A few words about mobile apps

by Dmitry Kirsanov 30. April 2019 11:28

Recently I analysed logs of some of my mobile apps, mostly enterprise with backend web services. And some thoughts that result from it are well worth sharing. That mainly concerns architects and developers of corporate apps, rather than game or standalone apps – network-related problems are harder to solve, as you don’t control the environment.

Main problem of online mobile app, which is the mobile app that consumes some web services to provide user with data (from weather and currency conversion to schedules and rosters) or accept user input (from notes to photos), is network transfer. It’s fluctuating – because of network provider, because of operating system that switches network interface off and back for one reason or another, because user is moving and his IP address changes, or simply because the throughput fluctuates or connection drops.

Whenever network connection requires a conversation between client and server, i.e. more than one exchange of request-response pair, problems accumulate. We can say that problem potential is proportional to the length of conversation.


When you are retrieving file from web server, be it HTML page, CSV file or anything else, you are having numerous conversations.

1. Your application retrieves the IP address from DNS server. If the URL starts with domain name, not with IP address, then application contacts DNS server and sends request for the IP address. This is where many failures occur if your DNS server isn’t quick to reply (e.g. free DNS service by domain hosting company) or if domain name is not frequently requested from this DNS server. Each DNS “A” record has “Time to Live” value, or TTL, which states for how long both device and DNS servers should keep that record in cache. If TTL is default 1 hour, but application requests it twice a day, then each time it will be requested from higher level domain server, hence increasing the latency of requests. Quite often it will end in “domain name not found” error for the app.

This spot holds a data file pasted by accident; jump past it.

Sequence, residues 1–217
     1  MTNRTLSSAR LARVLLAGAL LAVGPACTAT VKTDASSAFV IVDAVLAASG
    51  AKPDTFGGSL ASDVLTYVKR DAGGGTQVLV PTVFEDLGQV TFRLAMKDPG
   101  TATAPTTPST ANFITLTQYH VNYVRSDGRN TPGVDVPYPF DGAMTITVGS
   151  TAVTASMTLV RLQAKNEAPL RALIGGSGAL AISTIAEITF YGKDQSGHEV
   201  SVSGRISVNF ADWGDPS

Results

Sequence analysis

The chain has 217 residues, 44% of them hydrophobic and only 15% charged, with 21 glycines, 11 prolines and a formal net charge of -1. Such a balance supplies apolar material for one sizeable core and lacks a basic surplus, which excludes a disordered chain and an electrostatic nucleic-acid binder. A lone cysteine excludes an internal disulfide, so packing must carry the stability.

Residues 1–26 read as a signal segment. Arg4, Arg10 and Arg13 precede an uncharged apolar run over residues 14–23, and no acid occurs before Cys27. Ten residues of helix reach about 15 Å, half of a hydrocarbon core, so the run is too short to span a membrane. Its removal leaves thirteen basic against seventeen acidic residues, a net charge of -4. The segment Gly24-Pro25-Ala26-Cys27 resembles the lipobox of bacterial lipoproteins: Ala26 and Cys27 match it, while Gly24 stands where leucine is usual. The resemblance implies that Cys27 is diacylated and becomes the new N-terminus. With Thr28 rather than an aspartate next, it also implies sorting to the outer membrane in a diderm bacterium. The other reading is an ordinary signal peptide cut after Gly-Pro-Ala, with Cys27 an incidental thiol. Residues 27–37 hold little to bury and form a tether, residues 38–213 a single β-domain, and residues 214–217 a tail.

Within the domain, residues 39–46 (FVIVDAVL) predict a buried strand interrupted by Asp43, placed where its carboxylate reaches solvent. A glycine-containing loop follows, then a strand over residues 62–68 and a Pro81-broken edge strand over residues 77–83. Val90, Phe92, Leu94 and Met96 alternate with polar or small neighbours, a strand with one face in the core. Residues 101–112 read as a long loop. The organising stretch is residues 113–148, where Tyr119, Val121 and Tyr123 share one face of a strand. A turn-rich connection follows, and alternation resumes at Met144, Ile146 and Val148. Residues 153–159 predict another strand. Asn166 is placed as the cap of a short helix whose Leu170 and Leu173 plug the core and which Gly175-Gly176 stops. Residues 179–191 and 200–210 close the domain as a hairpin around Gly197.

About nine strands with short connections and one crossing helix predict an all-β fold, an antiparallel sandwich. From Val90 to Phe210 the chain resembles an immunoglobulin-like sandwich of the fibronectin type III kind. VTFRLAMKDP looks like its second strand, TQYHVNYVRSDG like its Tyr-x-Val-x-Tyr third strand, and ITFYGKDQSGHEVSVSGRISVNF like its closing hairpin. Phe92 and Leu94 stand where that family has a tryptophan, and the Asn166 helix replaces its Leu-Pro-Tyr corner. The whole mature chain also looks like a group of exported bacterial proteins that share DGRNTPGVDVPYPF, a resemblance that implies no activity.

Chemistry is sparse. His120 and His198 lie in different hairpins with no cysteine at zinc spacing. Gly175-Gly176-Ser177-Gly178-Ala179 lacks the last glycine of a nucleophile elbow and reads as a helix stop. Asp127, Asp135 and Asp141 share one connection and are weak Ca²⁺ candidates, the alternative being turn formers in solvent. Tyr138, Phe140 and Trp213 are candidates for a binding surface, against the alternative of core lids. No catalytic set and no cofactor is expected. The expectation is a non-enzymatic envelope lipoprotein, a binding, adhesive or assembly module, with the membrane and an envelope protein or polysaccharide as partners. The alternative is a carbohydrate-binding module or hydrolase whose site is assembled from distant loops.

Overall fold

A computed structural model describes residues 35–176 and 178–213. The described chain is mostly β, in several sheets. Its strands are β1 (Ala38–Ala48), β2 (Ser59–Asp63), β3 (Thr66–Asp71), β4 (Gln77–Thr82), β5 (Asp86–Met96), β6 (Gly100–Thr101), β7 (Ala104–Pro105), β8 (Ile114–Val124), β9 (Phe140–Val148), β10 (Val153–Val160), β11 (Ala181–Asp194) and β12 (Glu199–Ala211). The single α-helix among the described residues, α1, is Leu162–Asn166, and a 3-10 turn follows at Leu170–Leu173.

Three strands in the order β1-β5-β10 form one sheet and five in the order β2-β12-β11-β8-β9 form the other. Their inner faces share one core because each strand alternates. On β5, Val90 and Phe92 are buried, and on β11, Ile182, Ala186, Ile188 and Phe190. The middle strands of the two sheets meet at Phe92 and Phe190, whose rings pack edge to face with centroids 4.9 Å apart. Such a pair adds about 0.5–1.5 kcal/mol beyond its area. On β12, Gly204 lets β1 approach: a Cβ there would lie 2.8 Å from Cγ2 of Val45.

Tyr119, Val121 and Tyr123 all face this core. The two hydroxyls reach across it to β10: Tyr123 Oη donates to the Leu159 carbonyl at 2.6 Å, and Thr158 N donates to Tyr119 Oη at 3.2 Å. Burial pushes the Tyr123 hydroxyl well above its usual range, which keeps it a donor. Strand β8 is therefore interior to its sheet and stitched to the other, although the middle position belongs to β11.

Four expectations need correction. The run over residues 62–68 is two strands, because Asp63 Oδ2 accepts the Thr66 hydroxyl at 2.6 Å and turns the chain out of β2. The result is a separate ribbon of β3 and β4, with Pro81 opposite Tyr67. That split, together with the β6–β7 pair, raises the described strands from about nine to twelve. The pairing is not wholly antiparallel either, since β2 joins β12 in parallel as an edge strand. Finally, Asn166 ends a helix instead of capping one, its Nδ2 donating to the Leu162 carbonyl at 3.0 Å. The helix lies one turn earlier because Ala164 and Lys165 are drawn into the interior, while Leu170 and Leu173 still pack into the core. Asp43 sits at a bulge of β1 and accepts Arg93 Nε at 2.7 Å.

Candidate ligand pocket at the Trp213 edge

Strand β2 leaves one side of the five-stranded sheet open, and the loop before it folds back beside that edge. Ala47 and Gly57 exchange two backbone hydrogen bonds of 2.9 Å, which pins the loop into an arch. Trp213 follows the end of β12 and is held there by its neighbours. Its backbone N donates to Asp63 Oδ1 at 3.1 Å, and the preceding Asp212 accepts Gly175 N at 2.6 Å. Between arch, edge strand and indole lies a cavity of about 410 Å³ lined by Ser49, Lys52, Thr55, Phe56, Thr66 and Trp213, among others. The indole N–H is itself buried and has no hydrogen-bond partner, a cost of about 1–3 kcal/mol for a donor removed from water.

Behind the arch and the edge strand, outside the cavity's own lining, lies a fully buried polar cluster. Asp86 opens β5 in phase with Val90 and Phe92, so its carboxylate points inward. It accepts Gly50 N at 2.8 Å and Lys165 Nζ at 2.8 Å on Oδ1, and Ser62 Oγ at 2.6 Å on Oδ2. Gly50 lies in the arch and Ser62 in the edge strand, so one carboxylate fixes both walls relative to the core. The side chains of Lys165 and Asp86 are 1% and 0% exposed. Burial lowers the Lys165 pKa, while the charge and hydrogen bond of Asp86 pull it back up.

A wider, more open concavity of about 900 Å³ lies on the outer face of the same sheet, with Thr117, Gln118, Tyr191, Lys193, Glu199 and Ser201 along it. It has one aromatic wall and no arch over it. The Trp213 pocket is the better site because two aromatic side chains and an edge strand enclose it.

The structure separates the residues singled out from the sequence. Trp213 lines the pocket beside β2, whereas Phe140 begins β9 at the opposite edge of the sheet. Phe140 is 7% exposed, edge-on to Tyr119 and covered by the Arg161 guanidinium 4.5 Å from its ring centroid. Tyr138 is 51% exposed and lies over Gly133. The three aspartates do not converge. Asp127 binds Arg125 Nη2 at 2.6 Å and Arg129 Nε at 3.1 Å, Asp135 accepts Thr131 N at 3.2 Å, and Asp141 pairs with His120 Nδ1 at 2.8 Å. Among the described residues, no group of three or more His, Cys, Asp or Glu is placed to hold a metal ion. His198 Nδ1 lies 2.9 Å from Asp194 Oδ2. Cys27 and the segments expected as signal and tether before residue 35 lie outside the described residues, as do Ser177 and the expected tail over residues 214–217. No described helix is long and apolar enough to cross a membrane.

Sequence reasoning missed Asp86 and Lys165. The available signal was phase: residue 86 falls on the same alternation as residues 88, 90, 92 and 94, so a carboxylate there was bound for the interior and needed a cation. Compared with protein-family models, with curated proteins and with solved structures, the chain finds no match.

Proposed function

2. If you are using SSL, then additional problem arises. Web server has physical limitation on how many secure connections it may serve, and how many new SSL connections it may initiate per second. Surprisingly, Windows is doing better than Linux in this regard since Windows Server 2008 R2, but still it’s around 60 per second. And SSL session has initialization stage, a handshake, that requires client and server to exchange encryption keys, verify certificate and so on. If your mobile app is running on a physically moving device, then either connection will be reset due to timeout, or there will be security issue – there is a bunch of errors that may happen due to different factors – time synchronization between devices, incompatibilities, IP address change and whatever else.

So, if you are retrieving data from web server using secure link, then first you’ll have the DNS challenge, and then – SSL.

Solution: when possible, don’t use SSL. Often you don’t actually need it, as the data is not sensitive. Ensure you are using fast DNS server, preferably paid service, or if your IP address is static and reserved (e.g. it won’t change if your cloud server is turned off and restarted) – you will gain performance and stability by not using the URL, but IP address and port combination.

A hybrid solution would be “IP first” – first you try to connect to IP address, but if it doesn’t work – try to resolve it from DNS and see if it changed (or server is actually down). If IP is different – save it for later.

If you are transferring lots of compressible data (i.e. NOT jpeg / mpeg) – compress it before sending. It will be quicker and safer to decompress it on server, than hoping that connection will endure the whole transaction.

If you want to send compressed data and it might contain sensitive information – rather encrypt compressed data on the phone and send using faster insecure channel, than use SSL. That’s more complex, because you will have to solve problems like secure key exchange, but if you can do it – it will worth it.

If your application is writing logs, and each application should have some sort of logging for the purpose of debugging, then compress them all before sending to server, preferably all files in one archive.

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